New York is considering a bill that would let consumers pay state agencies with cryptocurrency.
The legislation, now in committee before the state assembly, proposes that crypto be used as “a means of payment of fines, civil penalties, rent, rates, taxes, fees, charges” owed to state agencies, according to the bill, introduced last week by Assemblyman Clyde Vanel.
Vanel, a Democrat whose 33rd District includes several Queens neighborhoods, created what he called the country’s first crypto task force in 2019.
The legislation is happening as payment industry leaders polled by PYMNTS say they see the crypto industry having a much more promising 2023 compared to 2022, at least when it comes to their field.
“Regulated but supportive financial infrastructure is necessary for the success of crypto as the sector as a whole moves beyond just entering the mainstream and begins to seek value-realizing integrations with more traditional financial and institutional players,” PYMNTS wrote last week.
And Dr. Yan Zhang, CEO of Airswift told PYMNTS recently that the success of the crypto industry will come from the “seamless” integration of regulated FinTech architecture with decentralized systems.
“It is critical to develop a decentralized payment protocol and integrate it with regulated payment service providers and money service operators,” Zhang said, adding that, in the end, companies need to offer a crypto service consumers can easily use.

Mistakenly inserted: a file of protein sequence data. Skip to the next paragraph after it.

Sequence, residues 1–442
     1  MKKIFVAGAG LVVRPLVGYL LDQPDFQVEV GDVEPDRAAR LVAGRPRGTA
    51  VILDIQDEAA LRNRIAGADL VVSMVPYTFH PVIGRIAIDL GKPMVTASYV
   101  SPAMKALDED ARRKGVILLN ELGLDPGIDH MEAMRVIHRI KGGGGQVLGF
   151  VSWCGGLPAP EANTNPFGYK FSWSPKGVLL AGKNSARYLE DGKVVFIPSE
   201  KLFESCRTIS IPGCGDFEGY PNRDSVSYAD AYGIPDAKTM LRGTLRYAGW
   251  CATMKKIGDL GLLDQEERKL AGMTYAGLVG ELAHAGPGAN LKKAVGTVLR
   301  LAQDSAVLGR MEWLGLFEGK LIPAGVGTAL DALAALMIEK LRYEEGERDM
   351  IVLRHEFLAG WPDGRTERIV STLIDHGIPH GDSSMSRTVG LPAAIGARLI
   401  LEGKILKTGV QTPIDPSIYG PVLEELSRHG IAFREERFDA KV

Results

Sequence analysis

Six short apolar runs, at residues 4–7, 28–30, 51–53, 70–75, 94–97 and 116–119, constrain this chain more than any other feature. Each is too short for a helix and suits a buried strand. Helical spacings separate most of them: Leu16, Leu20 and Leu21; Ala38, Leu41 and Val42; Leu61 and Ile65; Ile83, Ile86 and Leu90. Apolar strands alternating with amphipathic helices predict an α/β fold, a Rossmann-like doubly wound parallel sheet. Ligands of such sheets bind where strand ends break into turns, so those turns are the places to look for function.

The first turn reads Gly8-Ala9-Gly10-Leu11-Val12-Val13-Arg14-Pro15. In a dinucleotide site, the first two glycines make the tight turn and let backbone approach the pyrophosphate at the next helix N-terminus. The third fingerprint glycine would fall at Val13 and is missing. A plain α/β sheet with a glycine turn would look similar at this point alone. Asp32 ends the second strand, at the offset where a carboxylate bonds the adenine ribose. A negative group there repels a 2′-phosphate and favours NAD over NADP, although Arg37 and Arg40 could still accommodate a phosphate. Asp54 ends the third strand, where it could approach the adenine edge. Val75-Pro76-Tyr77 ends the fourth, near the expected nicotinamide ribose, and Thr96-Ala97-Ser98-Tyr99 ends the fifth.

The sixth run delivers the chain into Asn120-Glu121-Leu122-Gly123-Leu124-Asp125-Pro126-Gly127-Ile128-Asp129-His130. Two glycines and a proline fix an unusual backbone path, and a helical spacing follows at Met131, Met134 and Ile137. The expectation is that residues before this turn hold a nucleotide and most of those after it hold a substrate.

As more mainstream financial institutions seek to add crypto to their retail and institutional client services, observers hope the promise of crypto and blockchain to provide cheaper, faster and safer domestic and cross-border payment solutions may finally be realized, PYMNTS wrote.
On the federal level, cryptocurrency industry regulation in the wake of the FTX collapse has emerged as a key priority for the new Congress, as noted here recently.
Rep. Patrick McHenry, R-N.C., chair of the House Financial Services Committee, has put together a new crypto-focused subcommittee, dubbed the Subcommittee on Digital Assets, Financial Technology and Inclusion.
Rep. French Hill, R-Ark., also the vice chair of the House Financial Services Committee, will oversee this subcommittee.
“At a time of major technological advancement and change in the financial sector, it is our job to work across the aisle and promote responsible innovation while encouraging FinTech innovation to flourish safely and effectively in the United States,” Hill said in a statement that announced his appointment to the subcommittee.
Last week Sen. Elizabeth Warren claimed in an interview with the American Economic Liberties Projects (AELP) that the previous administration “essentially gave the green light” to a cryptocurrency market “full of junk tokens, unregistered securities, rug pulls, Ponzi schemes, pump and dumps, money launderings and sanctions evasions.”
PYMNTS Data: Why Consumers Are Trying Digital Wallets
A PYMNTS study, “New Payments Options: Why Consumers Are Trying Digital Wallets” finds that 52% of US consumers tried out a new payment method in 2022, with many choosing to give digital wallets a try for the first time.
Leave a Reply